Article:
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“Know Thyself”: The Importance of Self-Analysis for the School/Community Leader

Module by: Dianne Pollard. E-mail the author

Summary: In Summer 2007, a Virginia Tech Doctoral cohort completed EDAE 6924, School Community Partnerships. Here is a personal reflection authored by Dianne Pollard.

Summary of Module

The diversity of the student population and the challenges that are present in today’s educators are creating an environment that is reliant upon parent and community involvement (Coleman, 2007). In today’s climate of heightened expectations and accountability, the role of school and central office leaders has expanded to include an incredible array of professional tasks and competencies, including parent and community involvement. Coleman’s assertions, through support of his research by Marzano (2003) lists three features of parent and community involvement: 1) communication; 2) participation; and 3) governance.

Coleman maintains that successful school leaders must be able to articulate their philosophy of leadership, in order to meet the goals for the school, and believes that this is true of their thoughts about parent and community involvement. Coleman poses one important question that stimulates self reflection: 1) What is your readership style, and how do you communicate? Two surveys are recommended as tools to help leaders reflect on their philosophies and beliefs concerning parent and community involvement.

Self Analyses

  1. Communication Style Survey

Based on the scoring of the survey, my preferred style of communication tends to be that of Helper. The actual scores indicate a very slight difference between Helper and Thinker with scores of 13 and 12 respectively. The results of the survey are indicative of my style of communication.

As I reflect back to my years as a teacher and guidance counselor, I was probably more of a Helper. Since entering the area of administration, however, I have had the need to become more of Thinker than in my earlier career. As a central office administrator this year, an enormous amount of my time has been working with parents, either through telephone calls of concern or supporting principals in their efforts to work with parents and community. I have demonstrated more characteristics of the Battler and Thinker styles of communication, depending on the situation.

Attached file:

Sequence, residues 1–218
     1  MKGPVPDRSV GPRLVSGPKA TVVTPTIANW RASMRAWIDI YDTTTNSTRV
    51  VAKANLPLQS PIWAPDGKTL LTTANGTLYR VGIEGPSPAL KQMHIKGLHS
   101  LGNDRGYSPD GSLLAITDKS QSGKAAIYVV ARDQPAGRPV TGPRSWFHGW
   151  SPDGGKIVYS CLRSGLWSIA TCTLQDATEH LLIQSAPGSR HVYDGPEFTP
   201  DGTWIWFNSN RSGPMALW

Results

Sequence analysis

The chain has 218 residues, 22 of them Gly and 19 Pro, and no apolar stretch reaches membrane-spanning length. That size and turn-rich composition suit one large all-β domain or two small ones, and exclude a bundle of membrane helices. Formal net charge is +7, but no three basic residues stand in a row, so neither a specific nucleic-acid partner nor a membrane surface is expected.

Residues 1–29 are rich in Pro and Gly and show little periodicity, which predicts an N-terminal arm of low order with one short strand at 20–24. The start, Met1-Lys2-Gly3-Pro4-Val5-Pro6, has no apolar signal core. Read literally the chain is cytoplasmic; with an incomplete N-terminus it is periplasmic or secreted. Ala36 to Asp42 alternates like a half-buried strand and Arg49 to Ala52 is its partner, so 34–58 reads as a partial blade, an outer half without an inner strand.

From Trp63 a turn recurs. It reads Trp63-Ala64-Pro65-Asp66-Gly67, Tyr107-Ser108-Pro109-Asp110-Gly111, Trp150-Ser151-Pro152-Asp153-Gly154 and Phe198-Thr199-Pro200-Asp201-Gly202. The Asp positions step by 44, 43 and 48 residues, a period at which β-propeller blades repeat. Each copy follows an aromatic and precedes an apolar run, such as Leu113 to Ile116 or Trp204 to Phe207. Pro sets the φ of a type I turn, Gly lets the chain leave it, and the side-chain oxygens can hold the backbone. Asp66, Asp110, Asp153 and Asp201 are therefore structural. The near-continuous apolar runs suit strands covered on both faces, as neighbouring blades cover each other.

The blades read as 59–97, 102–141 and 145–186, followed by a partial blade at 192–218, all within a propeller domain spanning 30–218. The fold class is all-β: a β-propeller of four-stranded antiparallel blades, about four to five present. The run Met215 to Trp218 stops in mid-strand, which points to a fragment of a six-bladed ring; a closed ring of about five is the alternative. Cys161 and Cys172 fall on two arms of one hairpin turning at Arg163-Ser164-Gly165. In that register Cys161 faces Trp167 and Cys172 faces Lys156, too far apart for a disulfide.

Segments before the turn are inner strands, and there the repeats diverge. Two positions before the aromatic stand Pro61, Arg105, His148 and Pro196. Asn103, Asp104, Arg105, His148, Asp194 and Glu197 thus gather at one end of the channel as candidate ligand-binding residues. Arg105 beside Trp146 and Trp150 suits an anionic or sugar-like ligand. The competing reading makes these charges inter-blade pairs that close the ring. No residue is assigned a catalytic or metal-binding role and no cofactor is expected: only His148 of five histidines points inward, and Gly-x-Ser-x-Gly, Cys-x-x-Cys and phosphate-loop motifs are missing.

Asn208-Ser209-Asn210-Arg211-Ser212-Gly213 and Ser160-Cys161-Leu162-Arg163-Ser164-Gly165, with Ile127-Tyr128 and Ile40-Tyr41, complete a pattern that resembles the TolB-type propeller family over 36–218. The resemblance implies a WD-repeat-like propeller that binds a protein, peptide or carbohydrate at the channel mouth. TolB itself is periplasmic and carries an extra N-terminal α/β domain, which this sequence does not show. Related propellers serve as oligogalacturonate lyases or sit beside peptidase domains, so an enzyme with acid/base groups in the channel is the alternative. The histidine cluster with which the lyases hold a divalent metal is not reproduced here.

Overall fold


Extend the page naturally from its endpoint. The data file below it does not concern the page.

While my score as Battler is three points lower than Helper, I believe that there are situations where some of the characteristics of a Battler style of communication is appropriate. The most important outcome of taking the survey is the realization that a successful leader not only needs to understand their preferred or dominant communication style, but also to acknowledge that there are situations in leadership that require a combination of all three categories.

  1. Listener Survey

As predicted, I scored above the good listener benchmark (94) on the Karen Zupko & Associates Listener Survey. Listening is a skill that must be acquired through frequent practice. My background and training as a high school counselor have provided numerous opportunities for developing good listening skills.

Building strong relationships with parents and the community demand this skill from all educational leaders. In some instances, dissatisfied parents are more interested in someone listening and valuing their concerns than they are in filing a formal complaint.

  1. My philosophy of leadership in parent and community involvement relationships

Is that the leader must be keen enough to demonstrate elements of the Helper and

Thinker, and be willing to “do battle” when the occasions demands this type of style.

The list of risks for the Battler are worth taking when the leader is confident that this type

of style is the best way to achieve a particular goal.

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